Chief Justice Concepcion took a leave 18 days after the decision became public (50 days from his scheduled retirement) supposedly because he was disappointed on the outcome of the decision. He would later become a member of the Philippine Constitutional Commission of 1986 that drafted the 1987 Philippine Constitution. Drawing from his experiences in the martial law years, he introduced several innovations designed to assure the independence of the Supreme Court, such as the Judicial and Bar Council and the express conferment on the Court the power to review any acts of government.

In The Conjugal Dictatorship of Ferdinand and Imelda Marcos, it was observed by Primitivo Mijares in the Chapter "Spineless Judiciary: Legitimizing A Pretender" that, while the Ratification Cases was resolved in a matter of months, the other cases involving Marcos’ imprisoned critics were not decided until a year or two later.[citation needed] In fact, some of the critics withdraw their petitions, mostly for writ of habeas corpus, due to the lack of confidence that the Supreme Court would grant their relief.

Makalintal, when he became Chief Justice, also took a similar approach of Concepcion in deciding the case of the Habeas Corpus Cases of Benigno Aquino, Jr. ([3]) by summarizing the diverse votes of the members of the court. He explained the reason why there was no collegial opinion by the Court, among others, that the justices of the Supreme Court are conscious of "the future verdict of history".

At the time of Chief Justices Castro and Fernando, the Supreme Court, using the ‘legitimizing’ power, affirmed the legality of the Ratification Cases through several cases, such as Sanidad v. COMELEC (1976)[4] and Occena v. COMELEC (1981).[5]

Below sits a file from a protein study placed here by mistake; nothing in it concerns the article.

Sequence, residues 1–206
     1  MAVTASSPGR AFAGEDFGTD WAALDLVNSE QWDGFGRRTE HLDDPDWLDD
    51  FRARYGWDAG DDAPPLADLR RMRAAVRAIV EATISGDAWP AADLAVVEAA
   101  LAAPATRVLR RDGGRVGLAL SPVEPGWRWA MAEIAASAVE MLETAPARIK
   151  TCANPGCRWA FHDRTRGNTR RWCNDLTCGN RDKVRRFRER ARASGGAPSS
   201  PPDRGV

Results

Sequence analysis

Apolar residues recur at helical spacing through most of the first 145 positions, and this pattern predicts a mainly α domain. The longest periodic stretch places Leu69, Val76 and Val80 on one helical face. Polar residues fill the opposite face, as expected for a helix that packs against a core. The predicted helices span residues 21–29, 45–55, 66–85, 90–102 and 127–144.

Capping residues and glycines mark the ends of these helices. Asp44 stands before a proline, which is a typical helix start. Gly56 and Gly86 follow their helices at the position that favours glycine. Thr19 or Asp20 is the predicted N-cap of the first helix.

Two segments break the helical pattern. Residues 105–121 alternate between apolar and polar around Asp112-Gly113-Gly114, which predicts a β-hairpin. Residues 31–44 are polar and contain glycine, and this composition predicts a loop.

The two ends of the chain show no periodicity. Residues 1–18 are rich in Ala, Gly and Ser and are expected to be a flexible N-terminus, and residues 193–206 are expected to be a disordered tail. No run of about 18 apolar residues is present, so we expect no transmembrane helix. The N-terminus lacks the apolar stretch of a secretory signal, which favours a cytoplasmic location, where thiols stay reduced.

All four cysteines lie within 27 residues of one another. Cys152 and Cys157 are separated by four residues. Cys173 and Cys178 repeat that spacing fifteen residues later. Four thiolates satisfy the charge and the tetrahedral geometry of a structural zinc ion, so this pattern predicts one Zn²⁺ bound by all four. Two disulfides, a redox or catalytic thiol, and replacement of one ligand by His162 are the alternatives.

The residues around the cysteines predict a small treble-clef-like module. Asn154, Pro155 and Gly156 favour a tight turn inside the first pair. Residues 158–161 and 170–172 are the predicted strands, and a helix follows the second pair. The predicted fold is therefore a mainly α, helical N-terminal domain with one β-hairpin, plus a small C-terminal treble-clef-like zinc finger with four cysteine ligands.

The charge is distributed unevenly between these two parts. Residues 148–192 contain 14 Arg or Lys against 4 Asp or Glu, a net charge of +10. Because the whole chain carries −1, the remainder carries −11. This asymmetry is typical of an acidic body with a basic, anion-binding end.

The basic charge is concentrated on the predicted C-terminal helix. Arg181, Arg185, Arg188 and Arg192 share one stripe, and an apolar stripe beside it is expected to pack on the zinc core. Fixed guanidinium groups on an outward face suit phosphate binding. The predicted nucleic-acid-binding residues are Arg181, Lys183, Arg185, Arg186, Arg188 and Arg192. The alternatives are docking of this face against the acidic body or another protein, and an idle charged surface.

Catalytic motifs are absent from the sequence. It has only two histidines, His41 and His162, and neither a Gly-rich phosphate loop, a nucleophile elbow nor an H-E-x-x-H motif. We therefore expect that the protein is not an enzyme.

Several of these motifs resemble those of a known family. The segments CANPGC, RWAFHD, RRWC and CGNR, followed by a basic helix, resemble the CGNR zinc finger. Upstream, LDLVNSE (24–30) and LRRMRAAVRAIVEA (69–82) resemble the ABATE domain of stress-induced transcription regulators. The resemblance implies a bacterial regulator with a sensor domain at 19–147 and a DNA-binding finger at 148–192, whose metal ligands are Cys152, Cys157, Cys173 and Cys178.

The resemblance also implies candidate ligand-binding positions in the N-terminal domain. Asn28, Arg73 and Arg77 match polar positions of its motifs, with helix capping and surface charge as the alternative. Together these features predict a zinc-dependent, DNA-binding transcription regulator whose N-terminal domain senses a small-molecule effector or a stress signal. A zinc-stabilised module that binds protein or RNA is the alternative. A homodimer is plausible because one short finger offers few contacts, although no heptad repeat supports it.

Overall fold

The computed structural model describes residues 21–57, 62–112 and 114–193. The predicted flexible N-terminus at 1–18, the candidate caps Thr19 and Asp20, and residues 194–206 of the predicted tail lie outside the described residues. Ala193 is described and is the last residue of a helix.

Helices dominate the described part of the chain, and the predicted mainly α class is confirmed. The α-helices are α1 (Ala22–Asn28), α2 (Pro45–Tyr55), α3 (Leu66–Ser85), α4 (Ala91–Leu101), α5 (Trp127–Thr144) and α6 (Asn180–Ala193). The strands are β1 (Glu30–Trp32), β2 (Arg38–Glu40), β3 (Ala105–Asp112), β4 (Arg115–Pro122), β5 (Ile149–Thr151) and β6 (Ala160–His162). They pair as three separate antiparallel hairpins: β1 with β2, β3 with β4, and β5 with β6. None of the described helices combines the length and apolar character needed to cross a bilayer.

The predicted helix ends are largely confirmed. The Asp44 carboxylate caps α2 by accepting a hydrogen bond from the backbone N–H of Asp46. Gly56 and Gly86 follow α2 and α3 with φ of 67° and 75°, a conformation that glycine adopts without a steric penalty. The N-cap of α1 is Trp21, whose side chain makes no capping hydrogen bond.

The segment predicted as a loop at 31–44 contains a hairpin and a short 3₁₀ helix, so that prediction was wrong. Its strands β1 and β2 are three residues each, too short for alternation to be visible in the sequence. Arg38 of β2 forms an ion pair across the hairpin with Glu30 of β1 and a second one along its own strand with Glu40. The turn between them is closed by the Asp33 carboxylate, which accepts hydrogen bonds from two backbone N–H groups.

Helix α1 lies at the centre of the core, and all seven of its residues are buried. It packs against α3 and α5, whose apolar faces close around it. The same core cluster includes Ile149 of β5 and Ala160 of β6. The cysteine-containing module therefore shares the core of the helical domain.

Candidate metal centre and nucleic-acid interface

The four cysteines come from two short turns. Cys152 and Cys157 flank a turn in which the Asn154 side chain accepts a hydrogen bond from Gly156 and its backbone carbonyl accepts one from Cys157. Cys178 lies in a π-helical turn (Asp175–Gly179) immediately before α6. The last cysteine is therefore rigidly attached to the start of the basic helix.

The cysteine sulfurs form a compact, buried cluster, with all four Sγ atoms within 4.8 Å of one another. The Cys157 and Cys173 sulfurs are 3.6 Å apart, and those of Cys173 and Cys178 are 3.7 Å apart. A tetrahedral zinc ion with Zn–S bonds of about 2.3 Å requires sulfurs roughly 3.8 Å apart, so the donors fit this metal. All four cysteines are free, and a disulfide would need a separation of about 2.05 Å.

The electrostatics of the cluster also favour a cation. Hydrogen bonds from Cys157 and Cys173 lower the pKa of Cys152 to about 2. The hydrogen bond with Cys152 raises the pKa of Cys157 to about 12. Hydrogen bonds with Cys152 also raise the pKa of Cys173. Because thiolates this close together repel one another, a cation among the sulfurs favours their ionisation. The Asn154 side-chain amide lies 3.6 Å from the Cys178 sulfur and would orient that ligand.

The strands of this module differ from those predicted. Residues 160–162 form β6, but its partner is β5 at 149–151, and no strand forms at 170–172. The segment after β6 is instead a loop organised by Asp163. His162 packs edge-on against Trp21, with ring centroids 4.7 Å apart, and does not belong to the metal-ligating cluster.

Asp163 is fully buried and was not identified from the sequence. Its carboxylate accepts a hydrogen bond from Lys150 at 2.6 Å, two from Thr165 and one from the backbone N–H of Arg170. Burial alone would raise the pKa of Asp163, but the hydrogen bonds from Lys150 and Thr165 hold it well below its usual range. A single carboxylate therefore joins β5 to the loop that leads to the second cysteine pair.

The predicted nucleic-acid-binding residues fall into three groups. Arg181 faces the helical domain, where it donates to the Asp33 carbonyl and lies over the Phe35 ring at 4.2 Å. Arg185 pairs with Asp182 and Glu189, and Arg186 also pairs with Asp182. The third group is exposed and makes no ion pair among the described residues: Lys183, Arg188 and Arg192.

Of the four justices who voted to grant relief, Concepcion and Calixto Zaldivar left the court due to retirement. Justices Teehankee, first identified with the regime,[by whom?] began to show his independence by consistently dissenting on several decisions made by the court. He was accompanied in such dissents by Justice Cecilia Muñoz-Palma, and later, by Vicente Abad Santos. Fernando, though expected that he would be one to oppose the excesses of the Marcos’s regime, became its supporter.


The decision in the Ratification Cases are still studied by students of Philippine Law with respect to the proper ratification and approval of a new Constitution. It also gave a lesson and reminder of the Marcos regime and its effects to the Filipino people.

It also shows that the Supreme Court are composed of human beings susceptible of error, in the words of Justice Isagani Cruz, "...is not an ivory tower occupied by demigods but not an infallible institution composed of persons slightly higher than their fellowmen, perhaps, but also showing their foibles and failings."[6]

See also[edit]

Chief Justice of the Supreme Court of the Philippines


  1. ^ "Presidential Decree No. 73, s. 1972". The Official Gazette. Government of the Philippines. December 1, 1972. 
  2. ^ Planas v. COMELEC, RP (S.C. 1973).
  3. ^ Aquino, Jr. v. Enrile (1973)
  4. ^ "G.R. No. L-44640". www.lawphil.net. 
  5. ^ "G.R. No. L-56350". www.lawphil.net. 
  6. ^ Chang, Wen-Chen; Thio, Li-ann; Tan, Kevin YL (2014). Constitutionalism in Asia: Cases and Materials. Bloomsbury Publishing. pp. 524–525. ISBN 978-1-78225-223-8. 


  • Bernas, Joaquin (2003). The 1987 Constitution of the Republic of the Philippines: a Commentary. Rex Book Store, Manila
  • Cruz, Isagani A. (2000). Res Gestae: A Brief History of the Supreme Court. Rex Book Store, Manila
  • Mijares, Primitivo(1976). The Conjugal Dictatorship of Ferdinand and Imelda Marcos, Union Square Publications, San Francisco, U.S.A.

External links[edit]